ing on the gubernatorial race, defend- i
ed his pardon record, and outlined oth- j
er planks of his platform.
With a view to showing that Sena- j
tor Tillman is "hands off" in the gub- j
ernatorial fight, Governor Blease read i
from an article recently sent out from j
Washington by Mr. P. H. McGowan, i
which, said the governor, stated that j
i he had promised his influence to Co-. |
| W. Jasper Talbert in the senatorial;
race. Gov. Blease declared he nad nev- i
j er mentioned the senatorial or guber- !
natorial race to Col. Talbert. Thp gov-'
ernor said Mr. McGowan ought to bo
named -4P. H. Liar."
In reference to his charge that the |
Jones people intend to count him out,!
if possible, Governor Blease said he j
had received a letter from ? Manly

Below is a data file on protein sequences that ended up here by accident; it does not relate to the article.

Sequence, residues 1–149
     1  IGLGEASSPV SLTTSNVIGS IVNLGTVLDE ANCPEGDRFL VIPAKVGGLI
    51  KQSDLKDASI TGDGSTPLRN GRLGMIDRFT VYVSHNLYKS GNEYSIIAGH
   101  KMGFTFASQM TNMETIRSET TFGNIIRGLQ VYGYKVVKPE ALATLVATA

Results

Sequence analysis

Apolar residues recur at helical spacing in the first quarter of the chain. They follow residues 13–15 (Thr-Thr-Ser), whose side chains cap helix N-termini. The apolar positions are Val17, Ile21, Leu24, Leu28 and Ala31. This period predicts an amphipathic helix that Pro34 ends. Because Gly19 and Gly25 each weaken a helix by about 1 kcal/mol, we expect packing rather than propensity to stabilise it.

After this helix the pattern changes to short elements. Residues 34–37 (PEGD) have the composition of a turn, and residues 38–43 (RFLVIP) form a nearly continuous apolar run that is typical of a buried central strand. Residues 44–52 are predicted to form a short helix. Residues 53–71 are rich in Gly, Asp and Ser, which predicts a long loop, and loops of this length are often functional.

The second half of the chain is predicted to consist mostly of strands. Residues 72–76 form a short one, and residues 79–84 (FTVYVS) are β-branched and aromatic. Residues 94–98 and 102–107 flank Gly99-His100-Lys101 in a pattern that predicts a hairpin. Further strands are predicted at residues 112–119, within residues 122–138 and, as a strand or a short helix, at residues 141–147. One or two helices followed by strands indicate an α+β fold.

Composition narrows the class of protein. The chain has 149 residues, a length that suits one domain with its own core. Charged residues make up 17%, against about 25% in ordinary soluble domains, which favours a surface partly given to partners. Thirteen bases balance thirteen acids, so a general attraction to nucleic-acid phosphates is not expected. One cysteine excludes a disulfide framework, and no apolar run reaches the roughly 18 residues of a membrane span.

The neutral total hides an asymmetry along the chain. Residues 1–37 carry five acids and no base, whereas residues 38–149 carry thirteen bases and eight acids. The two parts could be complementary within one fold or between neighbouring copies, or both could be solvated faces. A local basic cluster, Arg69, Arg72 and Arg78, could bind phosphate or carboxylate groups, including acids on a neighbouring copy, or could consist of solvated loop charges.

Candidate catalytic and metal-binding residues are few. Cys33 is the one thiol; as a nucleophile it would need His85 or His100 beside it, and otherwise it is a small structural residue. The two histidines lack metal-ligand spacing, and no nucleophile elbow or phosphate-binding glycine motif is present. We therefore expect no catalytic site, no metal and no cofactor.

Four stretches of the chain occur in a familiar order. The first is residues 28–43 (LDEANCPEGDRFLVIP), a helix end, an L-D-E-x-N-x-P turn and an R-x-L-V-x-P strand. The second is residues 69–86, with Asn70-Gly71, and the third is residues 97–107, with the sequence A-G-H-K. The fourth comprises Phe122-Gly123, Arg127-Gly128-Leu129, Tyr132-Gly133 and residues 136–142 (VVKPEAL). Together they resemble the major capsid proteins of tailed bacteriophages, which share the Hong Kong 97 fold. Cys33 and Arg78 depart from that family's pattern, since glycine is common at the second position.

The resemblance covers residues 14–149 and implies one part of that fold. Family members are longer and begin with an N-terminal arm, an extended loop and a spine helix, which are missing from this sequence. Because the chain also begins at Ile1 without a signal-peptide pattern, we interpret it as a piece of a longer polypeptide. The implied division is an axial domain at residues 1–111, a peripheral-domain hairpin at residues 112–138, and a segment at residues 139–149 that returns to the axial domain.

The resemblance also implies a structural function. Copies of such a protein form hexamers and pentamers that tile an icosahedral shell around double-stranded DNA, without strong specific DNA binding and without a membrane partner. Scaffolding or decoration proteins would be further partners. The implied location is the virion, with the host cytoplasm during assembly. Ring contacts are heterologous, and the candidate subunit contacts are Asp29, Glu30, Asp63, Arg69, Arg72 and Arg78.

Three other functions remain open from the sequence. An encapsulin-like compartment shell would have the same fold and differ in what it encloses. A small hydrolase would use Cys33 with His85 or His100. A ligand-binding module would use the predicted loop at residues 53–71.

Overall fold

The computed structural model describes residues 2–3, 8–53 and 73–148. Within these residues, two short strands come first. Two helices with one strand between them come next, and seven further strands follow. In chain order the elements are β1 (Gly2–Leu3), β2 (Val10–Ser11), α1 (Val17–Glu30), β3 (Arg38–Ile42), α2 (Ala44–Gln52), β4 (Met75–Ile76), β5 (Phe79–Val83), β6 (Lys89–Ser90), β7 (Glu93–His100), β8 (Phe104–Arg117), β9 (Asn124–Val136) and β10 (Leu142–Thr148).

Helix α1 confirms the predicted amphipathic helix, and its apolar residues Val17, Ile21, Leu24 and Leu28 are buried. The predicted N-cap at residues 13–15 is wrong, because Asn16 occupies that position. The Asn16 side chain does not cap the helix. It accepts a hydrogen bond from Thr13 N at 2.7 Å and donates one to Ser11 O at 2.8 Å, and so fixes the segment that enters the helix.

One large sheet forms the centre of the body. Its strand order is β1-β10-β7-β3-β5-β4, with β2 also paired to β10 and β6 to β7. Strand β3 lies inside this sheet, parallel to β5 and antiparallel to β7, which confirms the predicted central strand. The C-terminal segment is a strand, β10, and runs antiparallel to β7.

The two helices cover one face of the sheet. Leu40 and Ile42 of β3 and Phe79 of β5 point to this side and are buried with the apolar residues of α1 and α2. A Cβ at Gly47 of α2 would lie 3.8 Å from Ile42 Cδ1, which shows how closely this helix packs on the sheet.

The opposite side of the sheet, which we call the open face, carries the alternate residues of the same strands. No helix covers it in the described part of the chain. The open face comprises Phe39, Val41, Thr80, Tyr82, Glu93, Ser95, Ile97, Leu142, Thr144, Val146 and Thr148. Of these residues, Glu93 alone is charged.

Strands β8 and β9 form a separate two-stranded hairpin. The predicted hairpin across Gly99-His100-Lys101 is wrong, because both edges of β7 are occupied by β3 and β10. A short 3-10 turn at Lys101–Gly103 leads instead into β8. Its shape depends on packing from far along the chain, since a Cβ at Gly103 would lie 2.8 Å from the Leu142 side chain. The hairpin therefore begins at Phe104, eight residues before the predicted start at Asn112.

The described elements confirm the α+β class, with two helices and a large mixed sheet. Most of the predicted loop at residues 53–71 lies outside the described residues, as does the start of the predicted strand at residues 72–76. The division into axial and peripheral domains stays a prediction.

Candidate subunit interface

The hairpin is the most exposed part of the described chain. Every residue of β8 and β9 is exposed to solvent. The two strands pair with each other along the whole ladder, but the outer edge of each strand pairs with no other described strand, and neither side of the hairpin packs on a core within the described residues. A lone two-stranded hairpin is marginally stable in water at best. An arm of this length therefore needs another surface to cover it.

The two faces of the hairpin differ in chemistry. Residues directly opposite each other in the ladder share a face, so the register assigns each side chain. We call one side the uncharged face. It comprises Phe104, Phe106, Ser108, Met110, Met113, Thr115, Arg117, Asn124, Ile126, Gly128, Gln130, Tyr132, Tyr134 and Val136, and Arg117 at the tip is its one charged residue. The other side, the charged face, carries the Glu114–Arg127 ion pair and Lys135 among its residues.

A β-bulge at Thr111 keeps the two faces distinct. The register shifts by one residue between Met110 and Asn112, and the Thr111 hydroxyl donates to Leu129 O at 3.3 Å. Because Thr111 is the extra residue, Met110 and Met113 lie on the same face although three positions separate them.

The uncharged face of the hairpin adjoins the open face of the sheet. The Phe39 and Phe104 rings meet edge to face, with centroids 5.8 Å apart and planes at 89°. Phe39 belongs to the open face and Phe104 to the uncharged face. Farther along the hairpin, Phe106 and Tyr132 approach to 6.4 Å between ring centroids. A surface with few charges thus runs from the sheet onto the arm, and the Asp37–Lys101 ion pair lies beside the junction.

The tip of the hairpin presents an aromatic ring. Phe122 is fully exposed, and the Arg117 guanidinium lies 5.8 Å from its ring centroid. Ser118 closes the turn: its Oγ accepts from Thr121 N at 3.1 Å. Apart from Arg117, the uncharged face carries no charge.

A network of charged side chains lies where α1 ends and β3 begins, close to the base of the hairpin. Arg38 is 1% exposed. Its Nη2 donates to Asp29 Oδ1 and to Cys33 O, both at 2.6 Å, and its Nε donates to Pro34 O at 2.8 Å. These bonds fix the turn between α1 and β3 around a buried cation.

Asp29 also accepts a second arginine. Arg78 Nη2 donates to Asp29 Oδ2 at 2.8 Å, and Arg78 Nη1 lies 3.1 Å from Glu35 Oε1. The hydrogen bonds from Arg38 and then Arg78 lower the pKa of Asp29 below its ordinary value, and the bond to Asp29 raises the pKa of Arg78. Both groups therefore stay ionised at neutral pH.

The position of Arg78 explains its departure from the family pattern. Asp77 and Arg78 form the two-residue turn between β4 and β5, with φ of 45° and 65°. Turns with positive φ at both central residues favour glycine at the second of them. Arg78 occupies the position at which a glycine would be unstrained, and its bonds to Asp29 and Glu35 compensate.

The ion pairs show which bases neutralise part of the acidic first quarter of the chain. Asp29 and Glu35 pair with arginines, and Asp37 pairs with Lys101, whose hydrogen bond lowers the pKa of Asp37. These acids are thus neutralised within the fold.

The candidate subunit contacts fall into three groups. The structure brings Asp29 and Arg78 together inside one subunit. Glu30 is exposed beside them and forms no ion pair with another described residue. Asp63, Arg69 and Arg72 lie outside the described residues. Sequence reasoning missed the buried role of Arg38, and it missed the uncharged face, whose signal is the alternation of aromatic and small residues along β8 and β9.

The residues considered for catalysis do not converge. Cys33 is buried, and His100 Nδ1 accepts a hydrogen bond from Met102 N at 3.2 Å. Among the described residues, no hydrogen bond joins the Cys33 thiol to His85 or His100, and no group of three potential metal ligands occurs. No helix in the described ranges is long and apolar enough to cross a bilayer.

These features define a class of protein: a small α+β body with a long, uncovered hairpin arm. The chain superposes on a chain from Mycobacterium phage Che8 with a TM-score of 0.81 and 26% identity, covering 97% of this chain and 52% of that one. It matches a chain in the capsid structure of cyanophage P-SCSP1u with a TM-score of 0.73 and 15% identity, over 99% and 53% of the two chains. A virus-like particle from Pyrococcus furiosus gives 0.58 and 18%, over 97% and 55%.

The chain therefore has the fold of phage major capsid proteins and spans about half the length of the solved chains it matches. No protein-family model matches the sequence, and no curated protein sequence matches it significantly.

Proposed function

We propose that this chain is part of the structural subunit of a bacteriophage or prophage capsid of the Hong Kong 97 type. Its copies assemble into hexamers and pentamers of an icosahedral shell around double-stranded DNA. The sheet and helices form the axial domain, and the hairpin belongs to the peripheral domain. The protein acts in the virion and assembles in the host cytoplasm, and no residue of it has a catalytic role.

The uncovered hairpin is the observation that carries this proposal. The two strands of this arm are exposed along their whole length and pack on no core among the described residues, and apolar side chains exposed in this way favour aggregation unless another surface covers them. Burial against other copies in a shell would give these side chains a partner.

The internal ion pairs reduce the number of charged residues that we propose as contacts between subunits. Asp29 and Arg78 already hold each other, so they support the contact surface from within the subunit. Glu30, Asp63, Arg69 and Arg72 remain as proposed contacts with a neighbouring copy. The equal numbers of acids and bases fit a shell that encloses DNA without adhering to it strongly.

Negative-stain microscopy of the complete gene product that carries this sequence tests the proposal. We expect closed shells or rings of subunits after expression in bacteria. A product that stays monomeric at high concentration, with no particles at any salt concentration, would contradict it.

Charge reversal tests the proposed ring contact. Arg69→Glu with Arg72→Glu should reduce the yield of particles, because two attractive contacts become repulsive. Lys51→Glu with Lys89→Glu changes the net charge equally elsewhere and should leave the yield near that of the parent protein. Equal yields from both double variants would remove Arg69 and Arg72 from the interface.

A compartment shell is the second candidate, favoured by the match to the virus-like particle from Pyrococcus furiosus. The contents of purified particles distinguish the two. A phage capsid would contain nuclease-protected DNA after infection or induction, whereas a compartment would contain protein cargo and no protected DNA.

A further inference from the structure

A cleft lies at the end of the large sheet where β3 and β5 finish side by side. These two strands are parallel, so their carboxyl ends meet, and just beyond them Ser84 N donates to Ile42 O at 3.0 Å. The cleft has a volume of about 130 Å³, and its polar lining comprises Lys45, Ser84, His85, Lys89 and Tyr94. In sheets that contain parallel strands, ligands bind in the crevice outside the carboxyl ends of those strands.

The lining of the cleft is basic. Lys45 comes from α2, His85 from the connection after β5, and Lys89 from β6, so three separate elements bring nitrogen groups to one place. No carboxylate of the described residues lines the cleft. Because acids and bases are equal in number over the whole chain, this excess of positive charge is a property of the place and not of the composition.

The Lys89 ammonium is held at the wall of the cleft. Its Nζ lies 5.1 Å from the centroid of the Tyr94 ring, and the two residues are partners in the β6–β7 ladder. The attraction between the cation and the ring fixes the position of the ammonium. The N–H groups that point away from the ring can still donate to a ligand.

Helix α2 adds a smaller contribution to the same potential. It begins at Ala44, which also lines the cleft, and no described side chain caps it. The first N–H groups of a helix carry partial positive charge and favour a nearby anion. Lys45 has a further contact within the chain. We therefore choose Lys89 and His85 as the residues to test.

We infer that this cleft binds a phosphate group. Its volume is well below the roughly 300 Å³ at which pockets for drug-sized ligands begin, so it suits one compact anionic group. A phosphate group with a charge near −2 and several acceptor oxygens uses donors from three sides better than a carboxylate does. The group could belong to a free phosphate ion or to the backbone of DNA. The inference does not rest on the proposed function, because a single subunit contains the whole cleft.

Smith, ex-sheriff of Lee county, saying
that State Chairman John Gary Evans
had sent the.Lee county chairman two
I thousand tickets for use in the primj
ary, whereas there are three thousand j
names on the club rolls of Lee county.
The governor said also that the
Pickens county chairman had ' been
furnished two thousand tickets less!
than asked for. Lee and Pickens are |
both Blease counties, said the gover- j
nor, who declared the State chairman a I
alleged action in regard to the ticket's j
showed "they are trying to count me i
The governor received as presents
today an Elk's ring and a silver scarf'
m'n vniin? ladks came udoii i
the stand and presented the governor
some beautiful flowers.
NEWS OF PROSPERITY.
The Twenty Merry Minstrel Maids and '
Men Friday Evening?Personal
Prosperity, Aug. 21.?Mr. S. S. Birge
^ U/->f QnrinffC V f tVlv V) I<J
lias 5UI1C u IIASI - * v^., |
Miss Lizzie McCrackin has returned j
to her home in Newberry after a visit I
to Miss Mary Lizzie Wise.